Consider the following quote:
“Traditionally, physicians have acted as [single] agents advocating for the patient's best interests, conforming to familiar professional ethics and societal expectations. With commercial managed care's growth and emphasis on cost control, health plans began imposing restrictions on physician's autonomy. Physicians often found themselves playing the role of ‘double agents,’ with potentially conflicting responsibilities to patients and insurers. Now in the post-managed care era, physicians have responded to mounting financial pressures with a range and intensity of activities that evoke images of ‘free agents’ defending their own financial interests and challenge established professional norms.”
The quote is from an article, “Financial Pressures Spur Physician Entrepreneurism,” by Hoangmai H. Pham, et al, beginning on page 70 of the March/April 2004 issue of Health Affairs. The article is one of a pair by the authors that are introduced by an editorial prologue, “Challenges for Physician Practice.”
The trends described in these articles will be familiar to oncologists, including:
- ▪ Declining reimbursement for traditional physician services that is often not remedied by increasing volume.
- ▪ Declining physician autonomy.
- ▪ The growth of physician investment in nontraditional income sources that provide more generous reimbursement.
- ▪ The growth of single-specialty practices that have greater economic power.
The authors used cardiology and orthopedics information to illustrate these points. Physicians favored (a) increasing the volume of services over competing on efficiency or quality; (b) increasing prices for services, and (c) retreating from less lucrative services—e.g., declining to care for Medicaid or Medicare patients.
More Worrisome Trend
I would add a more worrisome trend—making major medical decisions that appear to be primarily for economic gain.
An example of this slippery slope was reported on the front page of the New York Times (21 March 2004). It described increasingly heavy use at a time when major studies show that heart attacks are not prevented by aggressive interventions such as coronary angioplasty and the insertion of stents for partially occluded vessels.
An interventional cardiologist from the University of Texas Southwestern Medical Center at Dallas provides a quote from the trenches of daily practice: “If you're an invasive cardiologist and Joe Smith, the local internist, is sending you patients, and if you tell them that they don't need the procedure, pretty soon Joe Smith doesn't send patients anymore. Sometimes you can talk yourself into doing it even though in your heart of hearts you don't think its right.”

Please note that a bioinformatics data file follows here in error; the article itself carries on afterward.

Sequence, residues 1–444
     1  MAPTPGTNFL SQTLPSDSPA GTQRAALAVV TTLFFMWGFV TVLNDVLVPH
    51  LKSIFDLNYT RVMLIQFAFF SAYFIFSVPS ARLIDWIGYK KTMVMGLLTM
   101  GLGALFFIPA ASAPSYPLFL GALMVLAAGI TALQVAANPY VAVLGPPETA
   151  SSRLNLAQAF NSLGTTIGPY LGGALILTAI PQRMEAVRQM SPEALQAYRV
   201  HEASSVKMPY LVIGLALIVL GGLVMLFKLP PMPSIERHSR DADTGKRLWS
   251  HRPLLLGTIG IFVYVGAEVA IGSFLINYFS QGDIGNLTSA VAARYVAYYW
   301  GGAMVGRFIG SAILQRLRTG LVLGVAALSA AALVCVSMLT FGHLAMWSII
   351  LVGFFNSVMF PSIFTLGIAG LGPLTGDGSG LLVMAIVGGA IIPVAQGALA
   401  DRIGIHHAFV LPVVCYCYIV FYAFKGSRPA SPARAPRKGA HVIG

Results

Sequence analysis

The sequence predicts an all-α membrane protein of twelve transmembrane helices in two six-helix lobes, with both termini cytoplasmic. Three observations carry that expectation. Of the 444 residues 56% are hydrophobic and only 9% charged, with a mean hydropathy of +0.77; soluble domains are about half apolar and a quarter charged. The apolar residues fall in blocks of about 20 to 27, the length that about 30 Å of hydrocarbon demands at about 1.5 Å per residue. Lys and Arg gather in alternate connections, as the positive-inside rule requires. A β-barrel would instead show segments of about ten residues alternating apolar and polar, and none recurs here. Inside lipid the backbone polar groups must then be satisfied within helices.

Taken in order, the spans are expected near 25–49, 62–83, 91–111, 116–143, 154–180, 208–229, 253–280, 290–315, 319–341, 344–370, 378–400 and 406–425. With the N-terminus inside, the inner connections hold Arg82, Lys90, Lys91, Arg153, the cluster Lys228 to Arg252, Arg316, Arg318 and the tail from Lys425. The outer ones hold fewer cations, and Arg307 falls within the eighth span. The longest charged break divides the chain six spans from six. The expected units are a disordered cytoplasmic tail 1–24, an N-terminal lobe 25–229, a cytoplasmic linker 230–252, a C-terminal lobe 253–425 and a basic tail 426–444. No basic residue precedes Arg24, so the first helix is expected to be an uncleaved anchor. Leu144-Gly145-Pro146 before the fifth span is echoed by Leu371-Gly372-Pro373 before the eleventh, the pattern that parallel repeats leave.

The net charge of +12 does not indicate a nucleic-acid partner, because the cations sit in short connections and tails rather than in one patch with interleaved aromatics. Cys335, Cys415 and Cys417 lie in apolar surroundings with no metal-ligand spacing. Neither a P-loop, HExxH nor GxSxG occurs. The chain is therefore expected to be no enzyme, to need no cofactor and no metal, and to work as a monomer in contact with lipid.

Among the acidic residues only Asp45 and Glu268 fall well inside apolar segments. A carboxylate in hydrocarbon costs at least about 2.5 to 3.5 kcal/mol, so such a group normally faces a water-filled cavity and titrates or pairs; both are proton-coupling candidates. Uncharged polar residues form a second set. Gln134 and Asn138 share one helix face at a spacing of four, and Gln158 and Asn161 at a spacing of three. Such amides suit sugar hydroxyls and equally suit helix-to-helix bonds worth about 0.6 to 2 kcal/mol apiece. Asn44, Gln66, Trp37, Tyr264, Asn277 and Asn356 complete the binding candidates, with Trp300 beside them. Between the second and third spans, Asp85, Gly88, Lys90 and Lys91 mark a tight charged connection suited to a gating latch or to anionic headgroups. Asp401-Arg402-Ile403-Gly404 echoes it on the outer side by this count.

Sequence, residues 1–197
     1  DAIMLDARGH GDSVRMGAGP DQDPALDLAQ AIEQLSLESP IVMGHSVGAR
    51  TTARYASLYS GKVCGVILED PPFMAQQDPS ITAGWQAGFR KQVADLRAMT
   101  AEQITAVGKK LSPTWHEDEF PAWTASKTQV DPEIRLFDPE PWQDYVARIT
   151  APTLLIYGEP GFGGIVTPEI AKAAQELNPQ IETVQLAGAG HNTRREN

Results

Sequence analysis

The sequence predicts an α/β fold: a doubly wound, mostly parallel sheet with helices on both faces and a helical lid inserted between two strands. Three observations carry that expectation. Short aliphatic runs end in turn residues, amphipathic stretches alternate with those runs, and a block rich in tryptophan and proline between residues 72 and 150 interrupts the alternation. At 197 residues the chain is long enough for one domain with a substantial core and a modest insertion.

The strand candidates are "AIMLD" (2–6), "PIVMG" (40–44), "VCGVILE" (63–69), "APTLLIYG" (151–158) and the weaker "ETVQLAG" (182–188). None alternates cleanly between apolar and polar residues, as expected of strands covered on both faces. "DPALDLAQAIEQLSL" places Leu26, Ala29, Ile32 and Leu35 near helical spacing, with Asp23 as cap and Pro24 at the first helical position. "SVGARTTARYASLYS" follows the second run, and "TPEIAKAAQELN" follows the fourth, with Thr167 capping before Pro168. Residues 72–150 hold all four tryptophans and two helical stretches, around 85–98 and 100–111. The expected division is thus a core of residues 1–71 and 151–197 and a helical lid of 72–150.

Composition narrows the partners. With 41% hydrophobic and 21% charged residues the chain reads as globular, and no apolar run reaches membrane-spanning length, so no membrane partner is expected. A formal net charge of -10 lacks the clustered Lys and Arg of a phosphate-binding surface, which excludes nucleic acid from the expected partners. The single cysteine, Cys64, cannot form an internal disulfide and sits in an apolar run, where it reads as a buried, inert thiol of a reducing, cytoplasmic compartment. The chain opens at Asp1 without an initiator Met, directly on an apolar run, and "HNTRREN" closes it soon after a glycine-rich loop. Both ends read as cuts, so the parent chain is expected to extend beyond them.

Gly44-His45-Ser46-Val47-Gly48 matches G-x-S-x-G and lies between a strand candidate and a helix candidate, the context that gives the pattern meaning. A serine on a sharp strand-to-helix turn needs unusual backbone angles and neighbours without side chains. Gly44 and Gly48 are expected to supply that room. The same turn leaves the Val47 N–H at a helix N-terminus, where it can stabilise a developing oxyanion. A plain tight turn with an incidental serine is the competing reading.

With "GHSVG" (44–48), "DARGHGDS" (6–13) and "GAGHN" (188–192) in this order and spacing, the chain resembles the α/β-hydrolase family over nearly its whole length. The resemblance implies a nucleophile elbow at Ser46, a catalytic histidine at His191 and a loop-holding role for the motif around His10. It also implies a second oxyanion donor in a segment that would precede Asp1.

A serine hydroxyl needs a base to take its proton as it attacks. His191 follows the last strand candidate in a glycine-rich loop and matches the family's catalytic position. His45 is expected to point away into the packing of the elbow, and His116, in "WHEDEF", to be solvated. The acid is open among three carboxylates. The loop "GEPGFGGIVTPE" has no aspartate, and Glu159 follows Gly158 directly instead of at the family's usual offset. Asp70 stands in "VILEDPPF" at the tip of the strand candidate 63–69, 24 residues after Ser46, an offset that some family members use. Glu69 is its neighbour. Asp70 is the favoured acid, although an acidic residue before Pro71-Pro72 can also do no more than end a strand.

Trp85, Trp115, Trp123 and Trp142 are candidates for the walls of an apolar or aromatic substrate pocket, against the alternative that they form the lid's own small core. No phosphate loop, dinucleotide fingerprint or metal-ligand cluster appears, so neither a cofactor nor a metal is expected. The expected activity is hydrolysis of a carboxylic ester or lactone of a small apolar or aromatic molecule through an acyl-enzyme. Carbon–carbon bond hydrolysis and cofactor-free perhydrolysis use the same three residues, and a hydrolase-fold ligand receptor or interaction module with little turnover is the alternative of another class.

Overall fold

The same cardiologist explained the enthusiasm for the aggressive procedures thus: “I think it is ingrained in the American psyche that the worth of medical care is directly related to how aggressive it is. Americans want a full court press.”
Although that public attitude is common in my experience as well, taking medical action on that basis blames the patient and dodges personal and professional responsibility. If there were no economic incentive to do the invasive procedure, what would the cardiologist recommend and actually carry out?
But what struck me most profoundly were two words in the article by Pham: “free agents.” Has it come to this? Are the authors and many finger-pointing payers right? Have medical specialists, oncologists included, evolved from a philosophy of (a) the patient first; to (b) walking fine lines between the often contradictory needs and desires of patient and payer, professional ethics, and personal economics; and finally to (c) now behaving primarily as animals in an economic jungle seriously concerned only with numero uno?
It is impossible to deny that there are physicians who behave as if the patient serves principally as a source of revenue, whose practices are focused inordinately on the business of medicine. They are the “free agents” described in Pham's quote.
More specifically, one might call them “econo-docs,” those in whose practices economics usually comes first and the “doc” part comes last.
These trends have more to do with oncology than we would hope. I will discuss the implications for oncology in my next column.